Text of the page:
- Afghanistan - David Miliband - military - NATO - UK
AFP - British Foreign Secretary David Miliband warned Afghan leaders Monday that their next government must do more to defeat the Taliban and drive a wedge between the insurgents.
As Britain announced a scale-down of a major combat operation -- where casualties have been mounting -- Miliband sought to reassure people about why British troops fighting, and urged NATO allies to carry more of the burden.
"The biggest shift must now be towards the Afghan state taking more responsibility," he said in a speech at NATO headquarters in Brussels, aimed mainly at the British public.
"Enduring capacity comes through the civilian side, with military support, and our aim in Afghanistan is transition," he said, in an hour-long session that shifted the focus from military to civilian efforts.
Afghans go to the polls for provincial and presidential elections on August 20 in a vote seen as a key test of the NATO-led efforts to foster democracy and reconstruction in the strife-torn country.
"I believe we are at an important point in Afghanistan's history and NATO's work there, a testing point," Miliband said. "The elections on August 20th need to be both credible and inclusive."
Ahead of the polls, US and NATO troops have launched major operations in the Taliban heartland near the Pakistan border, but casualties have spiked, undermining support for the alliance's most ambitious operation ever.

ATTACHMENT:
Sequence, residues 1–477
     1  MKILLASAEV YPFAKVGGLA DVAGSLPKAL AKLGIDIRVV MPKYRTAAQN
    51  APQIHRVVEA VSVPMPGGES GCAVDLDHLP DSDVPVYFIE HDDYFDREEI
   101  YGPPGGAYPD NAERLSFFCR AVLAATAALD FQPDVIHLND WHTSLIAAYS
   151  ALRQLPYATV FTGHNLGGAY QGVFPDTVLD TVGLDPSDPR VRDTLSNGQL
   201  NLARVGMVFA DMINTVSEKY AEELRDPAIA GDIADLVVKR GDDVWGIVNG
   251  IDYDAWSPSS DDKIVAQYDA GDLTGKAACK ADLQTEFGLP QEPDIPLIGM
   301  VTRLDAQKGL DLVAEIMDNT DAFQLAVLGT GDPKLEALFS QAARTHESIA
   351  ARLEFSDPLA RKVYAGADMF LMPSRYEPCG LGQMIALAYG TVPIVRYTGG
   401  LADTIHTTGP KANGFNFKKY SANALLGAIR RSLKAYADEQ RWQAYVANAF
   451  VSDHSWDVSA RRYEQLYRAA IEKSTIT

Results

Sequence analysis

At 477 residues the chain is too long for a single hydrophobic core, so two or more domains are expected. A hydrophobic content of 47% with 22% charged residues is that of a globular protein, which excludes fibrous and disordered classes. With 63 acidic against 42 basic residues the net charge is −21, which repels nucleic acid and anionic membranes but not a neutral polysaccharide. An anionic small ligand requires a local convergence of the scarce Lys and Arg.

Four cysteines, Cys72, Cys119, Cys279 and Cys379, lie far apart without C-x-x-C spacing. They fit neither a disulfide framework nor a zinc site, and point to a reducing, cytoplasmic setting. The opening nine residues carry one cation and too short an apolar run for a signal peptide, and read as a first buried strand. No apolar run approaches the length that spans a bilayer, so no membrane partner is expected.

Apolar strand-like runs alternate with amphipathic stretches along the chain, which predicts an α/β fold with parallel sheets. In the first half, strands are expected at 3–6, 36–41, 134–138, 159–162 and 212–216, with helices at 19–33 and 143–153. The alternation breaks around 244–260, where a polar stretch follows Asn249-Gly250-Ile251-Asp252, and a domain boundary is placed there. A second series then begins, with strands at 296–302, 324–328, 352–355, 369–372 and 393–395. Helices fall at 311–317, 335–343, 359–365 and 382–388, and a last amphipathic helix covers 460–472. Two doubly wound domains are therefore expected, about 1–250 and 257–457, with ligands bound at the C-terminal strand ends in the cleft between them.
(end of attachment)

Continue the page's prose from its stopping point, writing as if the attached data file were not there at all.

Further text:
Miliband called on the incoming government to weed out hard-line insurgents from those Afghans involved in fighting for money, because they they have no job or are even being coerced into the battle.
"We will not force the Taliban to surrender just through force of arms and overwhelming might," he said.
The government with the help of the international community could do so, he said, by "dividing the different groups, by convincing the Afghans that we will not desert them to Taliban retribution, and by building legitimate governance."
"We need to help the Afghan government exploit the opportunity, with a more coherent effort to fragment the various elements of the insurgency, and turn those who can be reconciled to live within the Afghan constitution."
In a coordinated message from London, the defence ministry announced that the offensive phase of Operation Panther's Claw, in which around 20 British troops have been killed this month, had been wrapped up.
"The first phase of Operation Panther's Claw has now ended," a spokeswoman said.
"There are thee phases. The first was the most heavily military phase," she said "The second is a holding phase about holding the ground and the third is a building phase."
The operation, in the southern province of Helmund, was launched ahead of the elections in coordination with other offensives, as international forces seek to take ground from the Taliban and their supporters and hold onto it.
While the focus of Miliband's message was the role the Afghans should play, he did insist that NATO allies must do more combat work, send more troops and equipment, and lift conditions placed on the way forces can operate.
"We will play our part, but we want others to play their part too," he said.
"Burden-sharing is a founding principle of the alliance. It needs to be honoured in practice as well as in theory."
He also sent a message to Afghanistan neighbour Pakistan, noting that any deal with former Taliban on both sides of the border should contain "red lines".
He said any peace deals should only involve former militants who are "prepared to shut out Al-Qaeda, and not use violence against troops or citizens in Afghanistan."